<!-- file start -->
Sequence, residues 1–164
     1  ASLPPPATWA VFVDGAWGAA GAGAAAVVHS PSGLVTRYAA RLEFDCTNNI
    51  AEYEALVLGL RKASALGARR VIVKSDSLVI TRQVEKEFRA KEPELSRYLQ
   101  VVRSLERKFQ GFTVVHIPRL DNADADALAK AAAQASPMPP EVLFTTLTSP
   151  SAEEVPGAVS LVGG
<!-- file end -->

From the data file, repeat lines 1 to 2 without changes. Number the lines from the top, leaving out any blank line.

Sequence, residues 1–164
     1  ASLPPPATWA VFVDGAWGAA GAGAAAVVHS PSGLVTRYAA RLEFDCTNNI